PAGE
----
I was listening to Unbroken : a World War II Story of Survival, Resilience, and Redemption in my car for my book club, and like many people I was shocked and horrified on many occasions. I knew I needed to listen to The Secret Garden next to regain my equilibrium, even though it is a book that I have read at least six times. I listened to the audiobook on CD. The reader, Flo Gibson, wasn’t who I would have picked as she has an American accent and a kind of scratchy voice but I soon settled into the old story like sliding down into a warm bubble bath. I had previously come to the conclusion that many of the children’s books that I enjoy reading over and over are “cozy,” so I was surprised to discover when I started working in this library that “cozy mystery” is an official designation. It makes sense, as sometimes we all need a cozy and comforting read.
In The Secret Garden Mary Lennox is a neglected and spoiled child who has spent her entire ten years being over-indulged by Indian servants. After her parents die in an epidemic she is sent to another dysfunctional household, the home of her uncle at Misselthwaite Manor on the Yorkshire Moors. There she meets the sturdy Martha and Dickon, representatives of a family of fourteen. She makes friends with an elderly and crabby gardener, Ben Weatherstaff, through her interest in a friendly robin. There are also also mysterious noises and howlings down the corridors of the huge house. And of course, she discovers a hidden and secret garden.
In this story, the Yorkshire Moors themselves, as well as the Secret Garden, are characters just as much as the people. As the season changes from winter to spring and on into summer, Mary changes, the garden and the Moors change, and so too does everyone at Misselthwaite Manor.
This book was first published in 1911 and what I find intriguing 100 years later is the psychology of Mary and other characters. Despite Dickon and Martha’s material poverty they are well loved and looked after and it shows in their steady, kind ways. Mary, on the other hand, starts the book emotionally impoverished but gains a purpose and learns to love and live under the influence of attention. The book is also full of gentle humor, especially in the character of Ben Weatherstaff.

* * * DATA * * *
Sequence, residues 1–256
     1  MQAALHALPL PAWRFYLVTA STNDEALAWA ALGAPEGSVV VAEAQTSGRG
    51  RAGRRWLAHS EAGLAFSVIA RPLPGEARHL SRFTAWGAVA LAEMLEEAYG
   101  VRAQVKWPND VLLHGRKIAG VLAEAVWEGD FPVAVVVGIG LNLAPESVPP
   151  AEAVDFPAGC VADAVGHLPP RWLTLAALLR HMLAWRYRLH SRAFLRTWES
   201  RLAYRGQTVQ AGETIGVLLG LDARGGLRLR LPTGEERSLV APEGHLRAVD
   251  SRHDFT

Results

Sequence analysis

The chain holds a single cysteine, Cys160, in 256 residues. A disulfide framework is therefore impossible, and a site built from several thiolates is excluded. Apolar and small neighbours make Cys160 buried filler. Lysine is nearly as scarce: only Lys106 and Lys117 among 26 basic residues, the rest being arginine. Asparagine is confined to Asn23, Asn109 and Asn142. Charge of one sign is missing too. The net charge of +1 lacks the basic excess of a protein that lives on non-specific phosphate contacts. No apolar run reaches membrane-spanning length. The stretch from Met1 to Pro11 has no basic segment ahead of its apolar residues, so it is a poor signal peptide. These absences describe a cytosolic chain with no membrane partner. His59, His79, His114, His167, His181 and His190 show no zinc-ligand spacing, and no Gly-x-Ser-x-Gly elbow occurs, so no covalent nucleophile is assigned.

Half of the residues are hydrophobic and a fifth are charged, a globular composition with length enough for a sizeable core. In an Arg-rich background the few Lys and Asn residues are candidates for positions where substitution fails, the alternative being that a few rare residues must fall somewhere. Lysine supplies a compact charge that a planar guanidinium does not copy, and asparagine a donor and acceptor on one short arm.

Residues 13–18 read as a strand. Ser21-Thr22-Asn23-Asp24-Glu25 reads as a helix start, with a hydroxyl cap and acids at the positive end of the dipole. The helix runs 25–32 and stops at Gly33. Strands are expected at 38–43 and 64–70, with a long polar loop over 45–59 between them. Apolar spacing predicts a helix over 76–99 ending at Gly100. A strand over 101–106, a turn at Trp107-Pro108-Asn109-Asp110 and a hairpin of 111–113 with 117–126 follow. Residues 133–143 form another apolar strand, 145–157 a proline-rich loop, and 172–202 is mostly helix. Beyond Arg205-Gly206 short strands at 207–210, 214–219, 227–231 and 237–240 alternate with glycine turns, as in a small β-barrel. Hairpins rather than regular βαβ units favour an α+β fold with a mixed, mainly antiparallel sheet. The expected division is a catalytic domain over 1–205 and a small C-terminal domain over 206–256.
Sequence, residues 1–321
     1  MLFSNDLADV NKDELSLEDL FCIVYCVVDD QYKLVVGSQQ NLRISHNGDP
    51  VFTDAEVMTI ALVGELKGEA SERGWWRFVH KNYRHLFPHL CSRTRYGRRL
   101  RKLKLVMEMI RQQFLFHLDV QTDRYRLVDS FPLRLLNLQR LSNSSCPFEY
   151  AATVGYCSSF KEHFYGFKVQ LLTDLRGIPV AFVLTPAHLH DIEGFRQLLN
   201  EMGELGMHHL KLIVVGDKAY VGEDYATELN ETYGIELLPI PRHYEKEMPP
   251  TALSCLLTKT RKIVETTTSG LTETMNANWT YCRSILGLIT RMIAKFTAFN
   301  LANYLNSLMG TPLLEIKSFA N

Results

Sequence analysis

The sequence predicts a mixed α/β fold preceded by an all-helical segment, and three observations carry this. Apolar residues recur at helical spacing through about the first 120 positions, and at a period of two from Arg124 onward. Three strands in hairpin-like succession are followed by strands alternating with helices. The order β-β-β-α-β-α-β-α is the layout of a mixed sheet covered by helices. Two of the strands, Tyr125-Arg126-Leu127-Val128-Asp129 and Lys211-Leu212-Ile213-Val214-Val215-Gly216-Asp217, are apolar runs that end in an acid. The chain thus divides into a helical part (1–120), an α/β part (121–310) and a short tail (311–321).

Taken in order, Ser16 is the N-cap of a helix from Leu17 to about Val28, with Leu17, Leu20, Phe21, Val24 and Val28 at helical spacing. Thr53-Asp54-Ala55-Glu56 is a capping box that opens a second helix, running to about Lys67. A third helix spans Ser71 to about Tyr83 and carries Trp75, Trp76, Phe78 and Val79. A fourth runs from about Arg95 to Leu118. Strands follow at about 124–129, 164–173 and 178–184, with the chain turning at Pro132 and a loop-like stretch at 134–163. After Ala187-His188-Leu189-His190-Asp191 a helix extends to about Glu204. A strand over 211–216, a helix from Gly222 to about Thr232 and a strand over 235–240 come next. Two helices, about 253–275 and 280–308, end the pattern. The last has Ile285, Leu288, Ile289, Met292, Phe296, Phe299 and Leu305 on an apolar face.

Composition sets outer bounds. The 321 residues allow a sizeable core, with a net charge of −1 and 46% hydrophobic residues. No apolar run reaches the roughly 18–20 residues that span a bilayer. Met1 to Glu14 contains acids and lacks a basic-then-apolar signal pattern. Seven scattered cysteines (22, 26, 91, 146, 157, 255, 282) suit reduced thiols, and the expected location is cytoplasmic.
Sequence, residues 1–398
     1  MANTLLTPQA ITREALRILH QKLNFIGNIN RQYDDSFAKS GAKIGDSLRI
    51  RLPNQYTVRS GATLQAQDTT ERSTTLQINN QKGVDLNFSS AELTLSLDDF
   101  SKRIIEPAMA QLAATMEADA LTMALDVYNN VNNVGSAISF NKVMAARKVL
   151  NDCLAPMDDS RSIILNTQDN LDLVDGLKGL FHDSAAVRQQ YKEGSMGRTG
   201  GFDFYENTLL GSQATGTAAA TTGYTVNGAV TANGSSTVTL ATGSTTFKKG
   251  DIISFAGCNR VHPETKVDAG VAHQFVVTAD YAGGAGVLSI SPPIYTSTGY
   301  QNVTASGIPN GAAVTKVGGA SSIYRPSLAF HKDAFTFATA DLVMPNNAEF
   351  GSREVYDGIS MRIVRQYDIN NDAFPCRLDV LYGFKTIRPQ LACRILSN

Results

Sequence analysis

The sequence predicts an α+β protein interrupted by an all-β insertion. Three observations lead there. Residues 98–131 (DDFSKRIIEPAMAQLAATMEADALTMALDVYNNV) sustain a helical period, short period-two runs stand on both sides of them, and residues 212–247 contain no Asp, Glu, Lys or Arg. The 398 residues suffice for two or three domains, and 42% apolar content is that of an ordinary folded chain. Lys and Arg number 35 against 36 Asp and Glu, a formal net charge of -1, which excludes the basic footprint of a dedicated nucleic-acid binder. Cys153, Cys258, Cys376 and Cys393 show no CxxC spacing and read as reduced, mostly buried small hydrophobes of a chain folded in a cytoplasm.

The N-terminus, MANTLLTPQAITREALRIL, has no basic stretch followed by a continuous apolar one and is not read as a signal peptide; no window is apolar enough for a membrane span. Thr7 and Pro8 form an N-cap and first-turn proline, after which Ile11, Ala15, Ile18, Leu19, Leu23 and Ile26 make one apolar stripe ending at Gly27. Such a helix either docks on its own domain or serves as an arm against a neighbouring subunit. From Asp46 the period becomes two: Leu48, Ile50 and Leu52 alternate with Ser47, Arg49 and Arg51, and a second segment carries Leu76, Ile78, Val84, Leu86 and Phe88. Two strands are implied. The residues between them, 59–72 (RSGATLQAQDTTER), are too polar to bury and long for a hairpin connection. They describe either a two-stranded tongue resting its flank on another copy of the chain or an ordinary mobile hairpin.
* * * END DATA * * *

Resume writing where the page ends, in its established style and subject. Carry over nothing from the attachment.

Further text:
One aspect of The Secret Garden that I missed as a child and can see as an adult is the Christian symbolism, for example, when they recite the Doxology while sitting in a circle with a fox and a lamb. Other aspects are less overtly Christian as when the children call the life force that helps them to heal “Magic.” The Magic makes the Moors and garden change for spring, and when the children and other characters allow it, the Magic also changes them. Towards the end one previously stunted, but blossoming character announces, “Being alive is the Magic!”
When I was talking about cozy children’s books, a colleague at the library recommended an out-of-print book, The Golden Name Day by Jennie D. Lindquist. It captures the joy of being a child, that many adults are yearning to regain. “Oh, anything can happen in this world, just anything. That’s why life is so exciting,” says Nancy towards the end of that book. Other out-of-print (and sometimes obscure) books in this category that I love include: World’s End series by Monica Dickens, Green Smoke by Rosemary Manning, The Blow and Grow Year by Margaret Potter and Longtime Passing by Hesba Brinsmead.
For those who have read The Secret Garden before, perhaps years ago as a child, I highly recommend a second look through the eyes of an adult. For those who have never tried it, it is a deeply hopeful story about redemption through the natural world and redemption through love.
Check the WRL catalog for The Secret Garden in book form.
Check the WRL catalog for The Secret Garden on audiobook CD.
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